THE Smart CCTV system, involving 44 cameras in 14 selected towns and villages around Limerick county, is now expected to go live by the end of April.
But Dr Mihai Bilauca, the head of digital strategy with Limerick City and County Council, has stressed that the new system will not begin operating until all governance and privacy issues have been thrashed out. “We are seeking legal advice in order to update our policies under the General Data Protection Regulations,” he said.
“We are putting the appropriate controls in place,” he continued, stressing that they would be very open with the public as to what these controls and regulations would be.
People would be informed about what data will be used, who has access to it, how a member of public can get access to any data involving them and how somebody can have data removed. “We will not go live until all the information is available to the public,” he emphasised.
The Smart CCTV scheme is a pilot scheme, Dr Bilauca said, and is a “balancing act” between the need for a safer community and the need for privacy. “There is a balance we need to strike and we need to learn what the balance is,” he said. But he stressed that at all times, the public would be kept informed of any changes.
“There is nothing hidden in this process,” he added. “And if people have concerns we would welcome them”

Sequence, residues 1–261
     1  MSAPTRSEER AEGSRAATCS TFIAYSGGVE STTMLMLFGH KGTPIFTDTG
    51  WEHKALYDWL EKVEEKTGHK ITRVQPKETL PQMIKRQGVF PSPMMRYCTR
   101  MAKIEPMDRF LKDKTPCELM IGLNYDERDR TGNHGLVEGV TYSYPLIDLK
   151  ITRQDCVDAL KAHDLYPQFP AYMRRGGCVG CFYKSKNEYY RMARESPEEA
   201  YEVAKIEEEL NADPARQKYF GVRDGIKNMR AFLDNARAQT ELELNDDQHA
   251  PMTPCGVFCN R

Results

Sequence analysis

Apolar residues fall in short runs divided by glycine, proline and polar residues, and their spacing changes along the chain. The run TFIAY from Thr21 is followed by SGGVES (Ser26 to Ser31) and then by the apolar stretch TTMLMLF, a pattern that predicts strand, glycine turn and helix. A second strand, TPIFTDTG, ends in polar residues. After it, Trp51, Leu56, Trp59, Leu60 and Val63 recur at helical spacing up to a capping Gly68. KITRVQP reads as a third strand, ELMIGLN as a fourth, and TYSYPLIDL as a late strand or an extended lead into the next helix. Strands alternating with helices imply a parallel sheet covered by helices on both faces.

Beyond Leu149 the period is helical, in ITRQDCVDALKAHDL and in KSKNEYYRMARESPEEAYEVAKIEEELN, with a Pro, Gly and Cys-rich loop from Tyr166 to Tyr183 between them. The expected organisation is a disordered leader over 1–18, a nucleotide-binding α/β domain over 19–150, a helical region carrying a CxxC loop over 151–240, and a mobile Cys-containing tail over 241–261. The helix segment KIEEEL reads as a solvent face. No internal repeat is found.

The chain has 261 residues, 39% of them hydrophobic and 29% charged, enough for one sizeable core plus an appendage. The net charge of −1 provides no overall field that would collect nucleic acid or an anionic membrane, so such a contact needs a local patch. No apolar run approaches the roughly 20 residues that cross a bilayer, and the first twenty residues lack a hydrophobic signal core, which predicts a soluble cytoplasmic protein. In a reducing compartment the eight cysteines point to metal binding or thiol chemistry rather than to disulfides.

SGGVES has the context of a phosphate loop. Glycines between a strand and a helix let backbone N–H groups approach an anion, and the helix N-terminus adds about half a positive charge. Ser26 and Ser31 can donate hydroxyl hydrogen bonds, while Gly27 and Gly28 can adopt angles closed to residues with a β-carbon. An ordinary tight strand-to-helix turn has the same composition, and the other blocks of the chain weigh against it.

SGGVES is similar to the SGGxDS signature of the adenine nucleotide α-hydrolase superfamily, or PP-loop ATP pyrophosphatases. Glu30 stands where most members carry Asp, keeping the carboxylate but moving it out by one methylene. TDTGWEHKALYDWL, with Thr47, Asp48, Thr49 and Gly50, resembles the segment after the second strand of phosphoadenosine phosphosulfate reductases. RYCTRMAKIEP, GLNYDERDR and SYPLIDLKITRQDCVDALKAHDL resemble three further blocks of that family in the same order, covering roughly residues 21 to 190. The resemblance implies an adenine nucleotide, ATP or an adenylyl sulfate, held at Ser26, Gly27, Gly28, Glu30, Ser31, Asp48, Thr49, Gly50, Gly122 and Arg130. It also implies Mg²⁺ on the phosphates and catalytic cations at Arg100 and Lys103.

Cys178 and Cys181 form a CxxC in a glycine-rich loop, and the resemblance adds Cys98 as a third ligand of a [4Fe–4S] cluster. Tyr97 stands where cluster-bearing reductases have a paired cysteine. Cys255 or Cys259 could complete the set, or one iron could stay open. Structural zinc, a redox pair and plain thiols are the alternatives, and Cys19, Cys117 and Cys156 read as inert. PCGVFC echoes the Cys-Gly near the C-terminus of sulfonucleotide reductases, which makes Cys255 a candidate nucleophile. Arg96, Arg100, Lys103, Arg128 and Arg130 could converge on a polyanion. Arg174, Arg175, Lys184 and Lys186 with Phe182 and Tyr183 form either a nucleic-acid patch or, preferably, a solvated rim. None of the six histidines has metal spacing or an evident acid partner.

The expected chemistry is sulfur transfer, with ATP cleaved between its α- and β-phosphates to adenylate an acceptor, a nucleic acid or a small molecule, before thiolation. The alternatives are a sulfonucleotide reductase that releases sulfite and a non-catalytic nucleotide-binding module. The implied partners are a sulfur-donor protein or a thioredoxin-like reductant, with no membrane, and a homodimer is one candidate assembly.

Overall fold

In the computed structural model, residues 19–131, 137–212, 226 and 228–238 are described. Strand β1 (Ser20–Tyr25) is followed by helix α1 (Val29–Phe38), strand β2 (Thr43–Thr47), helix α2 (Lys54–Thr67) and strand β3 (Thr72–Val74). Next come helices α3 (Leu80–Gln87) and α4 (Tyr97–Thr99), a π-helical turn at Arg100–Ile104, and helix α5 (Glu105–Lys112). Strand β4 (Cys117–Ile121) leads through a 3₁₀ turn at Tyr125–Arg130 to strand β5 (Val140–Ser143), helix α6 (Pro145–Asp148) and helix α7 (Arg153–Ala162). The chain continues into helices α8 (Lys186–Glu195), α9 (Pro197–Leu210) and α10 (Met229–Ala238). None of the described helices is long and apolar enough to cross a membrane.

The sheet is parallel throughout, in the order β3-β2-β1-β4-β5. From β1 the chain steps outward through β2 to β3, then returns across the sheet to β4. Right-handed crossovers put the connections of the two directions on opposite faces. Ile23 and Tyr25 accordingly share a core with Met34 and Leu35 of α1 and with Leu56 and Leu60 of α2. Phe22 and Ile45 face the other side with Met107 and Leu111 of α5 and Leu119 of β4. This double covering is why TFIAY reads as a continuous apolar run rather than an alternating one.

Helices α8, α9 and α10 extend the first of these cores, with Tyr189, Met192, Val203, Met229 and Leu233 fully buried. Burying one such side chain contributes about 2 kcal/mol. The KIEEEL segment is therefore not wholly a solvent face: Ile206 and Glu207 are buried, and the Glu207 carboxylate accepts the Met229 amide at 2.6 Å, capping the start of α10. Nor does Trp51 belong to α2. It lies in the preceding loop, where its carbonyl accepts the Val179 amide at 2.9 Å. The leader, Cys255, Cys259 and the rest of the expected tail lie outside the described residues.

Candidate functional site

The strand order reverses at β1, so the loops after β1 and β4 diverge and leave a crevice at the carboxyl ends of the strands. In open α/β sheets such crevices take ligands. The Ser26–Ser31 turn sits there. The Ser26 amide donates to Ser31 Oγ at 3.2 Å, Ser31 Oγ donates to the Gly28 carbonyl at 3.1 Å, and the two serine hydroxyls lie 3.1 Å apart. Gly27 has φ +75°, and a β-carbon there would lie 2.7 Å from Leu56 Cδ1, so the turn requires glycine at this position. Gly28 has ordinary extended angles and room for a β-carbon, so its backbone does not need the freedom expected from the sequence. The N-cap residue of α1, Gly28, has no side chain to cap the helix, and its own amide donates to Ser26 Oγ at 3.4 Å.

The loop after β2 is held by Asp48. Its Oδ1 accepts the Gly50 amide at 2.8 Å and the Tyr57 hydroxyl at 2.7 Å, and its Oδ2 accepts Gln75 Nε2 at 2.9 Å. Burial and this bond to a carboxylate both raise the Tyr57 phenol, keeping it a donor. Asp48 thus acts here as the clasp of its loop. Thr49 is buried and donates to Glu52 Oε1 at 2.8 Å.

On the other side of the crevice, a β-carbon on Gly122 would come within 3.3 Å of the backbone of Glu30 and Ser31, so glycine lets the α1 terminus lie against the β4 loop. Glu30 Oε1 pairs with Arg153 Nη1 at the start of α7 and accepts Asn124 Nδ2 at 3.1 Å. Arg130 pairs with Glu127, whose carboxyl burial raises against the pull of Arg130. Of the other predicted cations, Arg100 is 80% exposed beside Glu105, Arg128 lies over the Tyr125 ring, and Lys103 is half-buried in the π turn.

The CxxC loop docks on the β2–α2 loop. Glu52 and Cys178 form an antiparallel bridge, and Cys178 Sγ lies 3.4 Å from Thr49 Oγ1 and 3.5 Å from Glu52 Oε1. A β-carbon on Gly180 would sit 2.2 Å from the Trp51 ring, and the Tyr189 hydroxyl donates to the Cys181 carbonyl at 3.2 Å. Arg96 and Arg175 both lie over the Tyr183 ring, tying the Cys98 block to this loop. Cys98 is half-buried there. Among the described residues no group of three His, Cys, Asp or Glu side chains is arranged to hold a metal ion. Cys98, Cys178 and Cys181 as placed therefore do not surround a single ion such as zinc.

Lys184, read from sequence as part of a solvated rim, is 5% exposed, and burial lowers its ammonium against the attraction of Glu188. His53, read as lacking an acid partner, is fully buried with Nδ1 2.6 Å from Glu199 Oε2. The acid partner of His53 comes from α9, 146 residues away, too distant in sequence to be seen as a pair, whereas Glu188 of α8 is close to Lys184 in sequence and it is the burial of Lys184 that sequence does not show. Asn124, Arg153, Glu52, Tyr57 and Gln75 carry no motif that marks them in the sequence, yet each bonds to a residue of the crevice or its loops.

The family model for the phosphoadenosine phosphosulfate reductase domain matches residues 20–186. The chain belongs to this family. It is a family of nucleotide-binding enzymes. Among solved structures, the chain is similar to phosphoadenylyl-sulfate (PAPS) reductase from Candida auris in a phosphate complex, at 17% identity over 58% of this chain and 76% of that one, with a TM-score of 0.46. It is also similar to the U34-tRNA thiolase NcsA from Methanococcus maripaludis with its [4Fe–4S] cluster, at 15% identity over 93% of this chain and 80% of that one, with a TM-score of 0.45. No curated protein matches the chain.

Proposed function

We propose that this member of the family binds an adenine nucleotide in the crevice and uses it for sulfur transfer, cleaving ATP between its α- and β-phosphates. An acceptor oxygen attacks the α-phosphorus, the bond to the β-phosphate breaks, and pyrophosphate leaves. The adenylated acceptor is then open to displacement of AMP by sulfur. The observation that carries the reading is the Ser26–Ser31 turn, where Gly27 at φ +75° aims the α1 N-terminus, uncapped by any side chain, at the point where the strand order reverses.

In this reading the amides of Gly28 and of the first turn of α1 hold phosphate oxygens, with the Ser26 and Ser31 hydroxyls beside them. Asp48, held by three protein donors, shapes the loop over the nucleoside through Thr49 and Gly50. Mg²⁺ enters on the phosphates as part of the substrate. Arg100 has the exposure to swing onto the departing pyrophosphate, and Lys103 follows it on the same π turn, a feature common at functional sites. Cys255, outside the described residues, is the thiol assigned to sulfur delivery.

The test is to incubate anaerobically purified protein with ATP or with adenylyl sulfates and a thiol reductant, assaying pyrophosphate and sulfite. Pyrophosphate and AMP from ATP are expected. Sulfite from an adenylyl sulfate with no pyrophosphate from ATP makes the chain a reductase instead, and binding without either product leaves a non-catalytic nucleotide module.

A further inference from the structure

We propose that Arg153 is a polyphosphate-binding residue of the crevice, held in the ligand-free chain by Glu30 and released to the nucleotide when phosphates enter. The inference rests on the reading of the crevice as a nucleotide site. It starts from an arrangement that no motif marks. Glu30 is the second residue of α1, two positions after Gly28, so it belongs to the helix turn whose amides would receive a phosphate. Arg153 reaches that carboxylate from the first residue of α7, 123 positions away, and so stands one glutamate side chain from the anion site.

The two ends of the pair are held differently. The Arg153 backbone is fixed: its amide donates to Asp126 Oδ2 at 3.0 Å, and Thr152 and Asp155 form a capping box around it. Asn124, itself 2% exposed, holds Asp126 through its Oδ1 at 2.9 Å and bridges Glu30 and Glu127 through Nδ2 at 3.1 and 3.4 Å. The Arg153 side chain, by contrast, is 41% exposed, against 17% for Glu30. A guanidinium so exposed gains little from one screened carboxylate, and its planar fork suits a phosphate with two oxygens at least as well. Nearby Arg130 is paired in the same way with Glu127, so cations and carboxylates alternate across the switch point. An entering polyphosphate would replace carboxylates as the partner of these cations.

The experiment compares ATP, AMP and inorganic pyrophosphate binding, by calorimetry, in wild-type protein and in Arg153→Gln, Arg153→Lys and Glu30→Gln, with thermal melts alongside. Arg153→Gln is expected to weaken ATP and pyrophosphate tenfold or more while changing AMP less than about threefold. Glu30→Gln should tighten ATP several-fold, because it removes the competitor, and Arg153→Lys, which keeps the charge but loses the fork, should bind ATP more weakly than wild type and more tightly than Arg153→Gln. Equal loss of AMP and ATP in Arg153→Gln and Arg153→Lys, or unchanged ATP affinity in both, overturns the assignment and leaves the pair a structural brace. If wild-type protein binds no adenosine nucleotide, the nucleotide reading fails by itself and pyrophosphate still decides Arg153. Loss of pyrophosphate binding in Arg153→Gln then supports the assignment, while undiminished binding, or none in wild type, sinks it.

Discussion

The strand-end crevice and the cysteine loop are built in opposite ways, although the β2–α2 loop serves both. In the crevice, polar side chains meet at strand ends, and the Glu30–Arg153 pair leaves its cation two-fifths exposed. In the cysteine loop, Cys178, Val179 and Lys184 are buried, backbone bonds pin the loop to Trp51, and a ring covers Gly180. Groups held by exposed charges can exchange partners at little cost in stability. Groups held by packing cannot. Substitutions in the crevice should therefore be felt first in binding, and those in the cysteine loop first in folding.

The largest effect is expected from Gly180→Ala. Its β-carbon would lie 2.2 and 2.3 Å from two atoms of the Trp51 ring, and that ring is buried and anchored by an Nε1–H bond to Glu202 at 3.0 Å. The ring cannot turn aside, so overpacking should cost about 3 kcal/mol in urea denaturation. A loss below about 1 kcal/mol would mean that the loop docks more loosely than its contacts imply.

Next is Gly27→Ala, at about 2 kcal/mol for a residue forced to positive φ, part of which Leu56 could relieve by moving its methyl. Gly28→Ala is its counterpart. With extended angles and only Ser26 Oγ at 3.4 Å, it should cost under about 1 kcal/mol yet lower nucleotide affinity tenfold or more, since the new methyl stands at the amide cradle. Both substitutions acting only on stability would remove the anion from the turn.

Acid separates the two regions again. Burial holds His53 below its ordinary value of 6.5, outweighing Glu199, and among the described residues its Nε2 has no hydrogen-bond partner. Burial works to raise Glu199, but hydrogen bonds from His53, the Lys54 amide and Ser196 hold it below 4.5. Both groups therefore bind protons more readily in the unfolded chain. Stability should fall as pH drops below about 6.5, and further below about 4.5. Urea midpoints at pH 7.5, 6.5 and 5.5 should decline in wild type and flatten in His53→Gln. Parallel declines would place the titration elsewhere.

Earlier this month, Dr Bilauca outlined the different kinds of cameras being installed as part of the first phase of the scheme. It includes three cameras which allow for live streaming in Newcastle West, Adare and Kilmallock. These PTZ cameras, he explained, are primarily for use for emergency situations.
Eighteen of the cameras will provide number plate recognition, and can also give information on the level of traffic flow, type of vehicles and footfall but would not include personal information, he said.
“They will be used subject to legal constraints, “ Mr Blauca said.
“We are not going to use them just because we have them. They will only be used subject to legal advice.
“We are going to understand a lot more about our communities,” he added. “It allows us to use artificial intelligence to trigger alarms if a particular line is crossed or a particular situation occurs.”
Broadband in some of the towns was very, very poor, Dr Bilauca added, but it was sufficient for their purpose. Changing the lights near cameras to LED would also help image quality. But he stressed that the Smart CCTV system would help improve community safety, improve emergency response and help provide better traffic management. It would also help in reducing anti-social behaviour and combat illegal dumping.
However, he stressed, privacy and data protection were paramount. The next step in the strategy, Mr Blauca said was to secure funding for the camera locations which had to be excluded from the first phase.
Cllr John Sheahan asked that when the request for further funding for this next phase goes to the Department of Justice, it should take into account those communities like Glin eligible to apply in their own right for CCTV funding under a separate department scheme.
“There should be one system,” Cllr Liam Galvin agreed, arguing that a plan should be drawn up to add different towns and villages each year. “The cameras will be a great deterrent. I do hope it is going to be used for the right reasons,” he said, adding that he hoped the information would not “get into the wrong hands”.